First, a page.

Retired schoolteacher Frances Valentine appeared in the hallway just as one of her former students, 25-year-old Trish Morgan, was lugging a suitcase toward her second-floor apartment. Trish looked up, door key in hand. “Ms. Valentine,” she said. “What brings you here?”

“Mind if I come in?” Fran asked.

Trish’s living room was time-worn but cozy. Couch, armchair, TV, framed pictures on one wall and a huge, ancient clock on another. It was almost noon. She shut the door, parked her suitcase, and turned to face her visitor. “I’m really beat. Will this take long?”

“Only a minute.” Fran took a seat on the couch. “I happened to see you arrive, and–well, I have some questions.”

“For me? I’ve been out of town for five weeks.”

“Where to?”

“My mother’s house, in Dallas.”

“A scheduled visit?”

Trish frowned. “Why would you ask that?”

“Because of when you left. It was the same day Buzz Kindall robbed Dolan’s Hardware.”

Trish swallowed. Behind her on the wall, an old pendulum-style clock chimed the hour. Outside the window, oak leaves fluttered in the wind.

“Did they catch him?” she asked.

“So you’ve heard about the robbery,” Fran said.

“I couldn’t believe it. My cousin Jan called me the other day.”

“Your cousin’s not the only one.” Fran opened her purse and read from a slip of paper. “Phone company records show Buzz called you three times, the week before it happened.”

Trish shrugged. “So? Buzz Kindall’s dated everybody in town, Ms. Valentine. He probably called a dozen young ladies that week.”

“Only you, actually.”

“So what is this? You think I can help find him?”

“I thought you might. Buzz only stole two hundred dollars, and it’s been more than a month now. Everybody’s stopped looking for him.”

“Except you.”

Fran smiled. “I’m curious.”

“Well, I’m sorry, Ms. Valentine, but I didn’t know anything about the robbery until Jan phoned me.”

Fran nodded, then studied the room a moment. “Anybody stop in to take care of the place while you were gone?”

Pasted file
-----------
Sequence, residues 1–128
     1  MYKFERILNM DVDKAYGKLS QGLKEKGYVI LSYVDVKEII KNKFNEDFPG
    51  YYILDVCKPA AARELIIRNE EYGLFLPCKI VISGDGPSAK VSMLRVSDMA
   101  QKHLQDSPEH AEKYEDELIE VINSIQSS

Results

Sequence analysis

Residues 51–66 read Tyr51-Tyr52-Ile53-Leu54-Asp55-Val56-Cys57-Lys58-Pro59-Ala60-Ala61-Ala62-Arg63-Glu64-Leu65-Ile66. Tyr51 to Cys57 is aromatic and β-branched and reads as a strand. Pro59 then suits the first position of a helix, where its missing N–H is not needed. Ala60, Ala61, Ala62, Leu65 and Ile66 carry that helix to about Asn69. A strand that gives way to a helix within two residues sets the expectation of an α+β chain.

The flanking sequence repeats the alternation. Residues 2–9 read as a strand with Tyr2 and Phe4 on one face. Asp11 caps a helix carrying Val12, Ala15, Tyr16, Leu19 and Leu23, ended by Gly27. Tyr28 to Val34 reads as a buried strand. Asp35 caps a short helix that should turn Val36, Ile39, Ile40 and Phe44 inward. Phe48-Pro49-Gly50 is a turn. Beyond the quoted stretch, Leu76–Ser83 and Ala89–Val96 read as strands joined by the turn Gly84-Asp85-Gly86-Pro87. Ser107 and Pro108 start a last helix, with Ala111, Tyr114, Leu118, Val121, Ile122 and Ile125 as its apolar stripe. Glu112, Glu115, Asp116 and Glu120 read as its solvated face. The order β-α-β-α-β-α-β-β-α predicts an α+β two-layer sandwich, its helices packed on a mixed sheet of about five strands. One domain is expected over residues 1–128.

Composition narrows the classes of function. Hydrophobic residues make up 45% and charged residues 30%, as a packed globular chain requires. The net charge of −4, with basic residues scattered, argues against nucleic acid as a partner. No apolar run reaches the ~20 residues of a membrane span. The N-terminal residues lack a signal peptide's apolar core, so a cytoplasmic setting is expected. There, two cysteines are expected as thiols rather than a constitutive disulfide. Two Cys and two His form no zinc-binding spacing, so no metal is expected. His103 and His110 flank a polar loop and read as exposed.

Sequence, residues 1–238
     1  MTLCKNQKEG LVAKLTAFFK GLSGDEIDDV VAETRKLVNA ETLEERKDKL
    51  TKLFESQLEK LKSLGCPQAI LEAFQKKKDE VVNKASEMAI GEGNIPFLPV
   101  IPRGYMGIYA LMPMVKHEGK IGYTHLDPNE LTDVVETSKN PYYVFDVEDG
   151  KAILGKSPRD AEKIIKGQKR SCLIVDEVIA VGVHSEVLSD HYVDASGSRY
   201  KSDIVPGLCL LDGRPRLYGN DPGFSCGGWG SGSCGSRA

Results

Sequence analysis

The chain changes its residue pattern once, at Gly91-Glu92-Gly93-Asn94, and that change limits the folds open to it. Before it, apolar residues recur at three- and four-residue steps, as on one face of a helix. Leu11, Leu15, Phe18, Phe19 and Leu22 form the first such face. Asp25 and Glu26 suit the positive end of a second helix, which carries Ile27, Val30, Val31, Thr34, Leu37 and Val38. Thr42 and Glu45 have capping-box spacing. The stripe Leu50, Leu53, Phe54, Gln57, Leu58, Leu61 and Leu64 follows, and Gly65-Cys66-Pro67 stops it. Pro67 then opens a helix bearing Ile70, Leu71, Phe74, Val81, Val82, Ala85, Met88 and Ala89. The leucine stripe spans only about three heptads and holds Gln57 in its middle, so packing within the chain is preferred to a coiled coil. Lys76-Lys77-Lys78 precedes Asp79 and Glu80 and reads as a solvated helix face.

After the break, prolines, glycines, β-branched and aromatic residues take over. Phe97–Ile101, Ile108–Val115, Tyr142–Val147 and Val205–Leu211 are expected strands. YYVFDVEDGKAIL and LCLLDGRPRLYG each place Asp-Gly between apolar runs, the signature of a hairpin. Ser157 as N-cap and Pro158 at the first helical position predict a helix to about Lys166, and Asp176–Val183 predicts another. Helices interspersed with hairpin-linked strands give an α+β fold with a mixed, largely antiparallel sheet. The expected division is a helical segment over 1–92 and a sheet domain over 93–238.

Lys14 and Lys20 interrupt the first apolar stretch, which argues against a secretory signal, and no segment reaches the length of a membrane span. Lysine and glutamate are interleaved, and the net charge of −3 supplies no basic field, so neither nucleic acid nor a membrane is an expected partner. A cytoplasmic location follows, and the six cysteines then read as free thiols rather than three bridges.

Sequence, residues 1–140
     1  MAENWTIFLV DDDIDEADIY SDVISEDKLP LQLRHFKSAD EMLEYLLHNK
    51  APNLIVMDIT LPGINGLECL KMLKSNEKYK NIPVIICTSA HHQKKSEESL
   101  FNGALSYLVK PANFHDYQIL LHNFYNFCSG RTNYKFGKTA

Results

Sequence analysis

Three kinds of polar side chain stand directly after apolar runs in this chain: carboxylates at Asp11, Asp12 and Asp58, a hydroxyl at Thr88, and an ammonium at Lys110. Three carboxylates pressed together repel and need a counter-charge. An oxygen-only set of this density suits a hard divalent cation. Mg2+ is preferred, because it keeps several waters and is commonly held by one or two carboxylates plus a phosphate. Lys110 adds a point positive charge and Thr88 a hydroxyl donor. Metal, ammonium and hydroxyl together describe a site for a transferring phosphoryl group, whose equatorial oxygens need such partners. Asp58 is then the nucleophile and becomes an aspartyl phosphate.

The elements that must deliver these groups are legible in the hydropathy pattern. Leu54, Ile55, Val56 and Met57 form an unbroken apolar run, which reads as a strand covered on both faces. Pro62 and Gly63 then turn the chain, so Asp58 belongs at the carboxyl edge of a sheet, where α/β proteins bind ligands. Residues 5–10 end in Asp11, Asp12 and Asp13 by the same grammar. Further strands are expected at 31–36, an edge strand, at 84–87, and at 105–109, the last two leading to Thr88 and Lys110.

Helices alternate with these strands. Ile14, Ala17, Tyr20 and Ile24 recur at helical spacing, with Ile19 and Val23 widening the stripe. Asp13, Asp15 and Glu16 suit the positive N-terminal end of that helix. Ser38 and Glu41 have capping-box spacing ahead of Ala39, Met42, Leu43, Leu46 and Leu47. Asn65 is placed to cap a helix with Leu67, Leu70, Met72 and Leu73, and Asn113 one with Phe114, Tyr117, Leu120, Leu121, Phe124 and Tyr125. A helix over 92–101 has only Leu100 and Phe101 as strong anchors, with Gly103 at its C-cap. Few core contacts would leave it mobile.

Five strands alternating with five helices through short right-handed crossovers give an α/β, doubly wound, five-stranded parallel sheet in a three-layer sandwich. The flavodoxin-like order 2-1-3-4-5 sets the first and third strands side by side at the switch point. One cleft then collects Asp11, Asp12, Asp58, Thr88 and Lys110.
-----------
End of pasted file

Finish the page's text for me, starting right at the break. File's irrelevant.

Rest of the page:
“No. I have no pets to feed, no plants to water, no housekeeper.”

“How about boyfriends?”


Fran stared at her. “This apartment’s a block from the crime scene, Trish, and two doors down from the sheriff’s office. Nobody would think to look for him this close by–especially with you gone.”

Trish’s eyes widened. “What?”

“I didn’t think of it myself, until now. But it’s perfect. All your neighbors are elderly–they probably wouldn’t hear an occasional footstep or flushing toilet from your apartment. And with enough canned goods and your lights on a timer, Buzz could hole up here until the robbery was old news. That’s what he called you about, wasn’t it?”

Trish’s expression hardened. “You’re wrong, Ms. Valentine. I never–”

“Buzz?” Fran called. “Come on out.”

Trish gaped at her.

“Buzz!” Fran shouted.

“I’m here,” a voice said. Both women turned to stare at Buzz Kindall.

“Well, well,” Fran said, standing up. “The fugitive appears.”

Trish, her face pale, blurted, “I’m sorry, Buzz. I don’t know how she knew.”

“It’s okay,” he said. “We were leaving anyhow, right?” He was holding a length of cord and masking tape. “Sorry, Ms. Valentine, we need a head start–I’m gonna have to tie you up.”

“I don’t think so,” Fran said. She took a cell phone from her purse. “Did you hear all that, Lucy?” she said into the phone.

“I heard it.” The voice of Sheriff Lucy Valentine–Fran’s daughter–was clear in the quiet room. “We’re on our way.”

Buzz gulped; his face fell. “You speed-dialed her, didn’t you. When you reached into your purse for the phone records…”

Trish was in tears now. “Let him go, Ms. Valentine. It was only two hundred dollars–”

“He broke the law, Trish. Both of you did.”

Buzz said dully, “If you knew–why didn’t you make the call earlier?”

“I didn’t know, for sure,” Fran said. “All I knew was that the apartment was occupied.”

“But how’d you know that?”

As he spoke, the wall clock chimed again: twelve-fifteen. All three of them turned to look at it.

Trish closed her eyes. “The clock,” she said dully.

Fran nodded. “In a month’s time, if someone hadn’t wound it, it would have run down and stopped.”

Trish’s shoulders sagged. Buzz looked blank.

“What a way to get caught,” he murmured.

“Look at it this way,” Fran said. “It was just a matter of time.”

John M. Floyd’s short fiction has appeared in AHMM, EQMM, Strand Magazine, The Saturday Evening Post, The Best American Mystery Stories, and many other publications. John is also a three-time Derringer Award winner and an Edgar nominee. His seventh book, The Barrens, is scheduled for summer 2018.

Copyright © 2018 John M. Floyd. All rights reserved. Reproduction in whole or in part in any form or medium without express written permission of the author is prohibited.